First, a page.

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Shadow 200 UAV   Shadow UAV


In 1989, the U.S. Army, in conjunction with the Navy and Marines, initiated the beginning of the Army’s current unmanned aerial vehicle (UAV) program.  Northrup Grumann, then know as TRW and Israeli Aircraft Industries were granted the contract and begun the development of the BQM-155A Hunter UAV.  The Hunter UAV’s initial primary capabilities were surveillance and reconnaissance.




After numerous upgrades and technological advances, the BQM-155A capabilities increased to the point it became capable of carrying anti-tank munitions.  It was then re-designated the MQ-5A, for munitions capable and then later became the RQ-5A.  The Hunter was eventually replaced by the similarly designed RQ-7A SHADOW 200.  The Shadow is capable of both line of sight and non-line of sight operations and is equipped with GPS navigation.

The United States Army has been using the Shadow 200 Tactical Unmanned Aerial System (TUAS) for more than four years in Iraq and more recently in Operation Enduring Freedom.  Designated by the U.S. Army as the RQ-7B, the Shadow can conduct a single mission lasting between 5 to 7 hours, has a maximum altitude of 19,000 feet, and can accelerate up to 118kts.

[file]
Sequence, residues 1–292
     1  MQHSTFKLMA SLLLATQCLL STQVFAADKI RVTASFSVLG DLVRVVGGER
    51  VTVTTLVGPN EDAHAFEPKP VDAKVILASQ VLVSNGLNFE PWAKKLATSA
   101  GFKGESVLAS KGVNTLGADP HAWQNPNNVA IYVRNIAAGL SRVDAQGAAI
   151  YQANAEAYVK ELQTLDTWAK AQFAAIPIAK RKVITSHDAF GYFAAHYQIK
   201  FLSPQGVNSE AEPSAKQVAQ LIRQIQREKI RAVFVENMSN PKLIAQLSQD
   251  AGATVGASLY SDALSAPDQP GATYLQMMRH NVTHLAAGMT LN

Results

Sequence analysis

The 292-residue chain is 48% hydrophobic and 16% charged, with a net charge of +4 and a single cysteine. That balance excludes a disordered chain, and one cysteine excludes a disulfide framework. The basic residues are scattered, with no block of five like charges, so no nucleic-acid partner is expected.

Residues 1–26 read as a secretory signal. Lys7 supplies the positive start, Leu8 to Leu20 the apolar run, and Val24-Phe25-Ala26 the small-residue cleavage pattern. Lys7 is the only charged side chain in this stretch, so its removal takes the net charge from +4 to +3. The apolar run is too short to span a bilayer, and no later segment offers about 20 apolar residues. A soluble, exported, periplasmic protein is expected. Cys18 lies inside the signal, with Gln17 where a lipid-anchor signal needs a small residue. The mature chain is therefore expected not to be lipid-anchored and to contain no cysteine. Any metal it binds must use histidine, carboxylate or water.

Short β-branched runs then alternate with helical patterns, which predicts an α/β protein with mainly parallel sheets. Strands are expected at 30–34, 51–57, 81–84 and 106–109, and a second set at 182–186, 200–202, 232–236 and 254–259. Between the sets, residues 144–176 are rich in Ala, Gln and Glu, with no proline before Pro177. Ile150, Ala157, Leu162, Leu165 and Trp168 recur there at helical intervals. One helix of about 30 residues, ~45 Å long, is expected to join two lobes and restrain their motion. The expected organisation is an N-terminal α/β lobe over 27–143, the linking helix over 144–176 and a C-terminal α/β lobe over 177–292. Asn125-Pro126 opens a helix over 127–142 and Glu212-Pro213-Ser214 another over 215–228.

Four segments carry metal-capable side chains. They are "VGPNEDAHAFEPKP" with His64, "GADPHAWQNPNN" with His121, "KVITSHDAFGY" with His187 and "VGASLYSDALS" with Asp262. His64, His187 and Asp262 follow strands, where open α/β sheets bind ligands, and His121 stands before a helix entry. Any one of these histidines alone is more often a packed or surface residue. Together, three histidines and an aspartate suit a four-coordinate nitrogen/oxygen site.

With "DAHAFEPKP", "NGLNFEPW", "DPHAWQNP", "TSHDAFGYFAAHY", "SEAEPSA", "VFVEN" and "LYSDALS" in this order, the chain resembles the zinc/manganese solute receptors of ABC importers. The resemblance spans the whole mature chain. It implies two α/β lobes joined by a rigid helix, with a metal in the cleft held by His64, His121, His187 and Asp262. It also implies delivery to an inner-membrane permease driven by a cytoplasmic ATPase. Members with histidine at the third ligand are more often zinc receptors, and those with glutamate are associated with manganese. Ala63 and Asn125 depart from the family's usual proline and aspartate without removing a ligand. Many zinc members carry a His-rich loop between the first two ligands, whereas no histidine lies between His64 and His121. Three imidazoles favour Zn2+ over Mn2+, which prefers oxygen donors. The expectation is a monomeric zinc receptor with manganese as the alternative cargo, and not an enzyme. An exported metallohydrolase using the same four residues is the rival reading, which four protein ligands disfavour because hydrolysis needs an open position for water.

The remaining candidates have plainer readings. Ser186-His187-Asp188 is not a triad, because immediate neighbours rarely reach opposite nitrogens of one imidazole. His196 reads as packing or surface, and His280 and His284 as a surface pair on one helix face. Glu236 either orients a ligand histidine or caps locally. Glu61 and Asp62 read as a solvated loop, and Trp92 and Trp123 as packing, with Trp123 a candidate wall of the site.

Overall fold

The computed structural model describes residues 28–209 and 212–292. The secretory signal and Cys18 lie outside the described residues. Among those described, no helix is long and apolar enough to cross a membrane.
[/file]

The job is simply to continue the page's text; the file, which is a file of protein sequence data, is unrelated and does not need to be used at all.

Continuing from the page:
The U.S. Army uses the Shadow as surveillance and reconnaissance gathering system, which can see targets up to 125 kilometers away from the operations center.  The Shadow can recognize tactical vehicles up to 8,000 feet above the deck and more than 3.5 km away. The Shadow provides the U.S. Army with “The eyes of brigade commanders to see first, understand first, and act first –decisively” (Christner, 2007).  

The Shadow UAV is quickly becoming the UAV of choice based on battle-proven performance.  The Marine Corps is terminating its 20-year use of the Pioneer UAV and transitioning to the Shadow UAV through a joint venture between the U.S. Army and contractors.  The Shadow has advanced programs that are in development.  These advanced programs and testing are seeking to include acoustic detection, armament, and mechanical systems.

 Future Army UAV applications

The U.S. Army, as well as the Navy, is looking at a potential helicopter version for its next generation of unmanned aerial vehicle (UAV).  The UAV manufactured by Northrup Grumman called the MQ-8B Fire Scout would be able to fly at 20,000 feet for up to eight hours while transmitting optical and infrared imagery.  If the project goes to production, it could see the battlefield as early as 2008. 



 The below links provide detailed information on U.S. Army UAV’s:




 Directory of US Military Rockets and Missiles


 Other related articles:

Defense Update

Global Security